The “Gift of Wisdom” was the message last night, as the ball dropped in Times Square, and we said goodbye to 2021.
Waterford Crystal, who have designed the famous ball since the turn of the millennium, has been carrying out a “Greatest Gifts” series since 2014. Each ball has represented a different gift, with last year’s celebrating the “Gift of Happiness”. Every year, the new design is added to the ball in 192 triangular panels, alongside the previous years. The series is set to conclude in 2023 with the “Gift of Love”.
Jeffrey Strauss, president of Countdown Entertainment explained the significance of this year’s message. Mr. Strauss spoke to CNN as the crystals were replaced on the ball. He said the Gift of Wisdom is “represented by a wheel with these petals of knowledge growing ever forward.”
Waterford Crystal was founded in 1783 by brothers William and George Penrose who had a vision to create the finest quality drinkware and home decoration. Over 200 years later, their legacy hosts over 16 million vibrant colors and a billion patterns to create the kaleidoscope of color that is the New Year’s Eve ball drop.
Master artisan at Waterford Crystal Tom Brennan learned the art of glass blowing during his childhood in the Crystal County. His father was a glass blower and taught him the tricks of the trade. Speaking to Yahoo News, Mr. Brennan explained the significance of the “Greatest Gifts” series.
“We call [the series] sharing a common thread of international generosity that is truly universally treasured. And you know, each and every year we have a new theme, a new cut pattern, and this year’s theme is the gift of wisdom.
“And wisdom for me is something that, you know, it’s always apt. It’s always ready. And it’s a new year, and I think this year, going into 2022, given the challenges that we really have all faced, I think it’s a great fresh year full of opportunity, potential, and wisdom for all of us.”
Waterford Crystal’s design of the ball has always stood as a metaphor for not only the world we live in but how we should conduct ourselves in the year to come. With the introduction of LED lights alongside the famous crystal, the idea was that we embraced our past whilst also looking ahead to our futures.
The ball, marooned on a tiny triangle in the middle of Manhattan, tells the long history of the city that surrounds it.
While the Irish element of the iconic countdown may be on the more recent side of history, the ball drop has taken place since 1907. New York City revelers began gathering in Times Square to celebrate the new year in 1904. Fireworks were used at the inaugural event, which marked the opening of the headquarters of The New York Times.
The paper itself praised the celebration at what was then the second tallest building in Manhattan. “From base to dome the giant structure was alight – a torch to usher in the newborn year…”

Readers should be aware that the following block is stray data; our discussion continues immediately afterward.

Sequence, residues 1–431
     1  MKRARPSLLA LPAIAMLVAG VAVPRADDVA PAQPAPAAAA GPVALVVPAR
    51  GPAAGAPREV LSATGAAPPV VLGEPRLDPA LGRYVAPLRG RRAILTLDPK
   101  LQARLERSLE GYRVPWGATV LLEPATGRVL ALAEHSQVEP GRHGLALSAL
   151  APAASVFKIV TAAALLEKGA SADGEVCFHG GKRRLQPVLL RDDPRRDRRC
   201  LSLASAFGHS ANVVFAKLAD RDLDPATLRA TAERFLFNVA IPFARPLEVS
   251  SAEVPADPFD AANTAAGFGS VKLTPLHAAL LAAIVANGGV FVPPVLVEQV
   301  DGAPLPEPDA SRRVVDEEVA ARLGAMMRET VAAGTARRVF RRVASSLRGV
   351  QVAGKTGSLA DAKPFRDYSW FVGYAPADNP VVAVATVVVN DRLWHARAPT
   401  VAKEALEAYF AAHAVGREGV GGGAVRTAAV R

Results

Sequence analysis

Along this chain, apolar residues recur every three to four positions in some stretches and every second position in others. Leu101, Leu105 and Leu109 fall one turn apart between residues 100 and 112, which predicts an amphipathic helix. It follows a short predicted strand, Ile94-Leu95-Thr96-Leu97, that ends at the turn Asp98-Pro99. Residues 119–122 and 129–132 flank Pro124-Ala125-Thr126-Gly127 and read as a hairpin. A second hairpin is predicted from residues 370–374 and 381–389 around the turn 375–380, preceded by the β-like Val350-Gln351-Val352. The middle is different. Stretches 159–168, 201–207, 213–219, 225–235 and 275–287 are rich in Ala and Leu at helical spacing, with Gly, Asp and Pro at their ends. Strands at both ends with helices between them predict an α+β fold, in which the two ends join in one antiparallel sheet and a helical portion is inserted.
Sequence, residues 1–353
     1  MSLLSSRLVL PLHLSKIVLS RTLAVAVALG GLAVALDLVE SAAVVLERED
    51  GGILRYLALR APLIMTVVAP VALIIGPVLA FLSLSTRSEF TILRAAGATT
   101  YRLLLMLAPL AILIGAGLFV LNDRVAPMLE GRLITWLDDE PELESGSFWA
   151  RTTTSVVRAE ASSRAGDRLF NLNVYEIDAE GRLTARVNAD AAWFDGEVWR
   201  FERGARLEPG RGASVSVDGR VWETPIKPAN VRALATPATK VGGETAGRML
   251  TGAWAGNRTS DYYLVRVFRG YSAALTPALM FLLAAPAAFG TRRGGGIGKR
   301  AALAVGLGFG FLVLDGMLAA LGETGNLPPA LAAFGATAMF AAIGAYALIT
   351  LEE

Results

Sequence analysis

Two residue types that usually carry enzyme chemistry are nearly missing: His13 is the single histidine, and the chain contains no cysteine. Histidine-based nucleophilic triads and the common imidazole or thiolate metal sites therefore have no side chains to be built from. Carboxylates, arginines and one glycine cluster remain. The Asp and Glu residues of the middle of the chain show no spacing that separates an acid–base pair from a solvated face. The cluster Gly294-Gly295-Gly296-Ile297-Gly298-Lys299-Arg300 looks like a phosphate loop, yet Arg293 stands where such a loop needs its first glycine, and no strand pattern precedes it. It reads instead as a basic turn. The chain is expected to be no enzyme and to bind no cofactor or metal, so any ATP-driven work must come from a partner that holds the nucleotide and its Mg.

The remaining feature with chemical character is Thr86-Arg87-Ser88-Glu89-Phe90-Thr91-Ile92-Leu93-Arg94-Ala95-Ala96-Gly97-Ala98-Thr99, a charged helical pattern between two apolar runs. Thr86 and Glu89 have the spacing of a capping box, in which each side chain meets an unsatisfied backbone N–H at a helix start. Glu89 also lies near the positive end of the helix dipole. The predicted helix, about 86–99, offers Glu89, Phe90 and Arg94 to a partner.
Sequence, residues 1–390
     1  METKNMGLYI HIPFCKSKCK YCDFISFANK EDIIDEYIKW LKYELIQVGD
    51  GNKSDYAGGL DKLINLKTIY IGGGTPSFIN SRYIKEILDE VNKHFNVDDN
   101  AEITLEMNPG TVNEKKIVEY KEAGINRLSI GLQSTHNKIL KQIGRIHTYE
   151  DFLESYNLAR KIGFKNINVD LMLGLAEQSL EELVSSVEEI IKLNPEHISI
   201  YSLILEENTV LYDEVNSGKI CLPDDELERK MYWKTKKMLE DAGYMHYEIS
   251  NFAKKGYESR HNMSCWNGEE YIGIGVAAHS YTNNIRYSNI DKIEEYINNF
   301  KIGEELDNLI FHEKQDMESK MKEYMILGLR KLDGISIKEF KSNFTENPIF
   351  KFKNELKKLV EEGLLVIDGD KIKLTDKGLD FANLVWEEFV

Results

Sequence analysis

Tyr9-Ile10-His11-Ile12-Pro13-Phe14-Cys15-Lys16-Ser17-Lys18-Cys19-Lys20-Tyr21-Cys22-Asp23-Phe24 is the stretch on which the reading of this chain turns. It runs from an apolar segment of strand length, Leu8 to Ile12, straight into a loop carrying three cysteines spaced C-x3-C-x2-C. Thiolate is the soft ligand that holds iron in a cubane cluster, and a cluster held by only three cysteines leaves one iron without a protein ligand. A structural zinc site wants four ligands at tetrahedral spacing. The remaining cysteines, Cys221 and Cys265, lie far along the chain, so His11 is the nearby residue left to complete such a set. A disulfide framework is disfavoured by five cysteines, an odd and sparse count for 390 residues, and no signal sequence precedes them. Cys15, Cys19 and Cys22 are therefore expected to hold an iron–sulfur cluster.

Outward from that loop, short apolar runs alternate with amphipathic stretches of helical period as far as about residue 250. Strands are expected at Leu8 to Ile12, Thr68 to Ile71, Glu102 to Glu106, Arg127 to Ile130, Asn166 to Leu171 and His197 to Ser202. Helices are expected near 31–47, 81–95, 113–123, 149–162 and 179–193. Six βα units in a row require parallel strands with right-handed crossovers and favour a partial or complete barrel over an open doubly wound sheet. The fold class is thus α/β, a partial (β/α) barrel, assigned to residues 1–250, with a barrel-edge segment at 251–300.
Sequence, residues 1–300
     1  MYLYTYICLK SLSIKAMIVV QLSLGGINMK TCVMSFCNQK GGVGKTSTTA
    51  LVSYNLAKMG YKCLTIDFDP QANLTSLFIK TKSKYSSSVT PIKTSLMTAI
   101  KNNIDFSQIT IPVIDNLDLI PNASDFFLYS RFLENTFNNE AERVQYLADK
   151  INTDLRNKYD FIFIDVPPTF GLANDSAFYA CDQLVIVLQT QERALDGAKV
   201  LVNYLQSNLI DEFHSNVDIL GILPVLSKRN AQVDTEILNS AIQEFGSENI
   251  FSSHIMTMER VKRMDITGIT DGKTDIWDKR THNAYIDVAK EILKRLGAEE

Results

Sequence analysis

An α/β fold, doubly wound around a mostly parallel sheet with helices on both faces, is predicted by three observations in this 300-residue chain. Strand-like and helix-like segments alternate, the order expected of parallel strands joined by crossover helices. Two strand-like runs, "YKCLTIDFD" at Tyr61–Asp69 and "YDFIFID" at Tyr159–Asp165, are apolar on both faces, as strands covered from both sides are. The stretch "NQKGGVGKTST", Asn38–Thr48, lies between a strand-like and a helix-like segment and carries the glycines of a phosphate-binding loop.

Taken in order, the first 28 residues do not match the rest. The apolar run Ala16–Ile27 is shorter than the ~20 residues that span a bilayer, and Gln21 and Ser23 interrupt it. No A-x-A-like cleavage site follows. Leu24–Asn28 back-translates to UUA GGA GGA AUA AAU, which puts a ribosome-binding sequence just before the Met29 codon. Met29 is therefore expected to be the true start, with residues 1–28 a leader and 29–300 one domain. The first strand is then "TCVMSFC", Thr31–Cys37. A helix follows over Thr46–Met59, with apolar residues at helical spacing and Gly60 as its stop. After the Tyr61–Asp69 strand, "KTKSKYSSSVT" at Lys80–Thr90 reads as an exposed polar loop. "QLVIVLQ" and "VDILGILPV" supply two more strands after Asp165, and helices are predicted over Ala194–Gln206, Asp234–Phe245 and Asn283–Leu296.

However, by 1907 fireworks had been banned by the city and the idea of a large illuminated wooden ball being lowered from a flagpole was born. Appearing atop Times Tower, the ball began its descent at 11.59pm on December 31st as the countdown ensued. Tens of thousands of people gather every year, pre-pandemic, while millions tune in worldwide to ring in the new year.
The ball drop has taken place every year since 1907, with the exception of 1942 and 1943 when the wartime “dimout” of lights in New York City was in effect. People still gathered at the foot of what is now known as One Times Square and marked the new year with a moment of silence, followed by the chiming of bells. Last year the event was held with no audience due to the Covid-19 pandemic. While the in-person ball drop returns this year, the capacity has been reduced from 58,000 to 15,000 and vaccination proof is required.
Despite these hiccups, and the eventual relocation of The New York Times from the very square named in its honor, the ball drop has become the most famous symbol of the new year. It replaced Trinity Church as the place to ring in the new year in Manhattan and has undergone various changes to its appearance over the years.
In 1920, the original wooden ball was replaced with a wrought iron version, weighing 400lbs. In 1955, the weight of the ball was reduced to a
mere 150lbs as the iron was swapped out for aluminum. This ball remained unchanged until the 1980s when the “I Love New York” marketing campaign saw the ball fitted out with red light bulbs and a green stem to appear as a miniature “big apple”.
By the 90s the stem was removed, and the traditional white bulbs returned and in 1995, the ball was upgraded with aluminum skin, rhinestones, strobes, and computer controls. This aluminum version was lowered for the last time in 1998.
Waterford Crystal took over the contract at a pivotal time in New York history. Just one year after the Irish company took the reins, the events of 9/11 shook the city, and the world, and the significance of community and looking ahead to brighter times was more poignant than ever. The crystals removed each year appear in various museums in the years to follow. A portion of the 2001 ball holds permanent residence in the 9/11 Tribute Museum.
The ball drop remains a constant in the heart of New York City. The ball even became a permanent year-round fixture in Times Square. It symbolizes new beginnings and hope to those who gaze up at it from the hustle and bustle of the city below. This year, however, it also signifies the “gift of wisdom” and after the challenges of recent times such a gift is well received by the people of New York City.♦